Multilateral banks need major changes to boost lending – G20 panel
GANDHINAGAR, India – Multilateral development banks (MDBs) must undergo big changes in the way they operate to eliminate poverty, triple sustainable lending levels by 2030 and create a new funding mechanism to further its agenda, a G20 panel said in a report on Tuesday.
The independent panel, headed by economists Lawrence Summers and N.K. Singh, was commissioned by the Group of 20 nations to propose reforms for MDBs with a focus on increasing funding for sustainable developments goals and climate change, among others.
“Individually and collectively, MDBs must become effective agents in all developing countries for integrating the development and climate change agendas,” said the report, which was tabled during the G20 finance meeting in the western Indian state of Gujarat.
MDBs, like the International Monetary Fund and World Bank, must work with governments and the private sector to reduce, share and manage risks and thus bring down the cost of capital, it added.
Additional spending of around $3 trillion each year by 2030 would be required towards incremental investments in climate action and for meeting other sustainable development goals, the panel said.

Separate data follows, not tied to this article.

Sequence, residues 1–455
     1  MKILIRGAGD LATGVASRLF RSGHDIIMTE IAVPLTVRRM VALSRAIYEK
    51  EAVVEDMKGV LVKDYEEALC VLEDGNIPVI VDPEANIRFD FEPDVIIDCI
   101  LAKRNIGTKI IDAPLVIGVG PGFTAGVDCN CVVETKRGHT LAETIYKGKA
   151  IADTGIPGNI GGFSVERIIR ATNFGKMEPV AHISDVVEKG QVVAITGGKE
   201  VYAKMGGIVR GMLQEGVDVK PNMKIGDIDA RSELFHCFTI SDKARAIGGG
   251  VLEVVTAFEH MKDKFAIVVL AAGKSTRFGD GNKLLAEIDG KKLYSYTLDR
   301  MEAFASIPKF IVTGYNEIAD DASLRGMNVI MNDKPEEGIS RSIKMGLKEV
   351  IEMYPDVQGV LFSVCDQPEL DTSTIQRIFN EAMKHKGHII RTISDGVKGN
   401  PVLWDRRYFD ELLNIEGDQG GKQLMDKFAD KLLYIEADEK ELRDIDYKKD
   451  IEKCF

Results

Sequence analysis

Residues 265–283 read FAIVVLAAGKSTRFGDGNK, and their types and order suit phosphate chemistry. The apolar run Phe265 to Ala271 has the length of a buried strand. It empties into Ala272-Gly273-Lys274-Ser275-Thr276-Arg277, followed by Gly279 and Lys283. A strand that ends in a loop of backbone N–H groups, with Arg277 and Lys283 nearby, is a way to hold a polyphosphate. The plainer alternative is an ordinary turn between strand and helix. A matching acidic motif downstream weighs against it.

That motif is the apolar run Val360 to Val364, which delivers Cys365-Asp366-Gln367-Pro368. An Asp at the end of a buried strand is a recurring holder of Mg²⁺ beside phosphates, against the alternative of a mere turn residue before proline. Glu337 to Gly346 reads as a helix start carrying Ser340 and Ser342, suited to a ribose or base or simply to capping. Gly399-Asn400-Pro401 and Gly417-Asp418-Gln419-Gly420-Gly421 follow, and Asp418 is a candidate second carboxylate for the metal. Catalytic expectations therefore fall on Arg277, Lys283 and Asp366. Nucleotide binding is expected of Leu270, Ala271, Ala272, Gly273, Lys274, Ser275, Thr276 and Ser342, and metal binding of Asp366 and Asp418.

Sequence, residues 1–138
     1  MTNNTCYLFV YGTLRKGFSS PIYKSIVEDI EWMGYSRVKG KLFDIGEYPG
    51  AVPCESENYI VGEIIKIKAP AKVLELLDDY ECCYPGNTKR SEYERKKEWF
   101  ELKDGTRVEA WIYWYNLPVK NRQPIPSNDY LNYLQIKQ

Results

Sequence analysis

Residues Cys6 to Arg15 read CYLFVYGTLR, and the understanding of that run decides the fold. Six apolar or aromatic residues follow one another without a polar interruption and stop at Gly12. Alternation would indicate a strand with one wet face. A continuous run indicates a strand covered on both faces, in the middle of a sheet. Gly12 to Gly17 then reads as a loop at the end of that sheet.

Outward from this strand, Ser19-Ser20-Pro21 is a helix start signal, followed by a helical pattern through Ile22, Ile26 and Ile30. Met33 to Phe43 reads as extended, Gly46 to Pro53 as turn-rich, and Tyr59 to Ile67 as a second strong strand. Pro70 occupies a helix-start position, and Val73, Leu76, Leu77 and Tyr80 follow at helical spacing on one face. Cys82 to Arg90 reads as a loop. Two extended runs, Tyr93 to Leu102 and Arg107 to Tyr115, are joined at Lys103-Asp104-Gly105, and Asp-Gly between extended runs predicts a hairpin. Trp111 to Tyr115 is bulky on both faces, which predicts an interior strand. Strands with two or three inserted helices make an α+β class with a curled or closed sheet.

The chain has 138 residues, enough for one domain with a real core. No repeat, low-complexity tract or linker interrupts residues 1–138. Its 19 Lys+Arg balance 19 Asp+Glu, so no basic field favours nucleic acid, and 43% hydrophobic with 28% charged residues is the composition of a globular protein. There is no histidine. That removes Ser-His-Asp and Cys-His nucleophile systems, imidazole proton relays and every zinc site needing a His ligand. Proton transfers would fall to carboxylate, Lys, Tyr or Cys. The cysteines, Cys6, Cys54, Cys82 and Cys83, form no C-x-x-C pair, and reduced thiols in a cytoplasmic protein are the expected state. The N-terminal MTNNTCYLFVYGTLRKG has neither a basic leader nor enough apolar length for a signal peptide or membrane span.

Of this, around $1.8 trillion should go towards sustainable infrastructure, a four-fold increase since 2019, while $1.2 trillion would be need to achieve other goals, including a 75 percent increase in spending on health and education, it said.
“The international development finance system should be designed to support this spending by providing $500 billion in additional annual official external financing by 2030, of which one-third (should be) in concessional and non-debt creating financing and two-thirds in the form of non-concessional official lending.”
The group will continue to work toward resolving differences in helping low-income countries manage their debt burdens and free up funding for climate financing.
Countries like Zambia and Ghana have been waiting for big creditors to make progress in providing debt relief under the so called “Common Framework”, which is led by the G20.
MDBs should provide an incremental $260 billion of additional annual official financing, of which $200 billion should be in non-concessional lending, and help mobilize and catalyze most of the associated private finance, the panel said.
“A larger fraction of concessional assistance should be channeled through MDBs,” the panel said.
Global creditors, debtor nations and international financial institutions agreed in April to galvanize the Common Framework – a platform supposed to speed up and simplify the process of getting financially ailing economies back on their feet.
Zambia, locked in default for almost three years, struck a deal last month to restructure $6.3 billion in debt owed to governments abroad including China, but many challenges remain.